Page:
Thanks for sharing the below article and getting the word out Lake Elmo. It's truly your effort that made the difference for your beautiful city (and to keep it that way).
9-25 update: Here's more evidence. This is coming from a March 2015 meeting about survey data and station area planning. It was not available to the public (according to the face sheet). we had to file a data practice act request to view this info and go into the County Government Center to take these pictures of the meeting data. (see other photos from the meeting at end of this article)
8-30 update: The extent of the plans are worse than the .5 mile deep initial report here... digging deeper I've found the Gateway Corridor hired a world renowned consulting firm from New York that specializes in unraveling whatever resistance Lake Elmo may foster in this late stage. They're HR&A Advisors, Inc.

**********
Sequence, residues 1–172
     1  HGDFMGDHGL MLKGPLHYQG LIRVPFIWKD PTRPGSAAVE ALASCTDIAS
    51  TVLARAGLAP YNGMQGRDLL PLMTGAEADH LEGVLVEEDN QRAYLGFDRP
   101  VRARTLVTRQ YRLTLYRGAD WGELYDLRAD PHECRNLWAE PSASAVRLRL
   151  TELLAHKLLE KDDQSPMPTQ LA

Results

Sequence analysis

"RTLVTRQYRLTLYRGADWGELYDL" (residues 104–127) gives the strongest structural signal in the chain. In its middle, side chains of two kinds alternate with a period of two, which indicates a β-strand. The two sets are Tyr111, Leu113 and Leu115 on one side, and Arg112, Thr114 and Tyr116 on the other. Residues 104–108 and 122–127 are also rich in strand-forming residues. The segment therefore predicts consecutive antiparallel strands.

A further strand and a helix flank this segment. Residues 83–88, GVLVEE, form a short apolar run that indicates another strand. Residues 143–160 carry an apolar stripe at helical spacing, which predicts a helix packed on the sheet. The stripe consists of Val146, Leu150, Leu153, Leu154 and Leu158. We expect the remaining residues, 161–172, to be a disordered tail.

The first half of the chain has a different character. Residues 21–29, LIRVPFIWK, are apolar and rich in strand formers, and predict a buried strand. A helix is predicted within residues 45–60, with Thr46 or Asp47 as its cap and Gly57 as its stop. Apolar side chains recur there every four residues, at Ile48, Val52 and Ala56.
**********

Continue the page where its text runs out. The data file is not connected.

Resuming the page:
In a July 2014 letter they make it clear their task was to focused on assessing how to get the MOST development: "To determine transit’s ability to catalyze new development"
|This is not the Lake Elmo we know.|
Lake Elmo, a beautiful rural city of 8,000 residents, the majority who are strong supporters of retaining their small city charm with slow growth. Evidenced by quick replacement of city councilors, administrators, and planners who merely claim to be on the citizen's side regarding growth to get in office and decide to follow their own agenda once seated. In 2014 two such City Councilors were replaced by "slow growth" supporters Julie Fliflet and Jill Lundgren. While Councilor Anne Smith, who's championed the cause to keep Lake Elmo growth in check, is serving her third consecutive term.